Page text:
Oil continues to dominate headlines with further sharp declines yesterday, extending the 5-year lows and pairing an earlier rally. Indeed both WTI (-3.29%) and Brent (-1.28%) declined to $55.91/bbl and $61.06/bbl and have continued to trade some 0.5-0.6% lower overnight. The oil-sensitive Russian Rouble continues to suffer and yesterday it closed 10.22% lower versus the Dollar at 64.24. The move marked the biggest one-day decline since 1998 taking the year to date decline to nearly 96%. The move appears to have sparked the nation’s Central Bank into action who, post the U.S. close, raised benchmark interest rates by 650bps to 17%. The rate rise marks the sixth hike this year and comes just five days since the last rate move with the Central Bank stating that ‘the decision was driven by the need to limit the risks of devaluation and inflation, which have recently significantly increased’. The move also corresponds with an expansion in foreign currency repo auctions of $3.5bn to $5bn as well as further statements from the Central Bank that GDP may shrink 4.5% to 4.7% next year should oil prices average $60/bbl. The MICEX closed 2.38% lower yesterday and 10y benchmark local government bond yields finished 20bps wider at 13.02%. Expect big moves again this morning. The Russian central bank will no doubt be hoping they can repeat the success of the Turkish central bank earlier this year where they raised rates from 7.75% to 12%. If the new rate is sustained for any length of time it will surely have huge implications for the economy though so it’s certainly high risk. Ironically when Russia collapsed in 1998, the Fed slashed rates and arguably started the era of ‘moral hazard’. So it’ll be interesting if the Fed choose to ignore international events this time round. I suspect they’ll find it tough.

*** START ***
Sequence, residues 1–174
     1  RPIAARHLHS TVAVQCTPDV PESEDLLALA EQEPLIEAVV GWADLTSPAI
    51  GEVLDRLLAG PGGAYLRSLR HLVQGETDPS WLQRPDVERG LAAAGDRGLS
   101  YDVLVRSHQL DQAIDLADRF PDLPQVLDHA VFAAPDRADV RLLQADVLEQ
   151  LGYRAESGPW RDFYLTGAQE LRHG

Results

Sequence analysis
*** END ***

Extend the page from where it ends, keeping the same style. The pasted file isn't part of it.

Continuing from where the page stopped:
Returning to markets, in the US the S&P 500 closed 0.63% lower at the close after a volatile day which saw a near 2% intraday range. Energy stocks continued to weigh on the overall index with the component declining 0.71% although in reality all sectors finished weaker. Credit markets softened, CDX IG closing 2bps and CDX HY around half a point lower and spreads on US HY energy names widening a further 18bps. Pressure on smaller oil and gas producers continues with US-based Apache reporting yesterday that it has agreed to sell its stake in a natural gas project whilst the Canadian oil and gas company Talisman Energy confirmed it’s in talks with various targets over a potential sale of the company.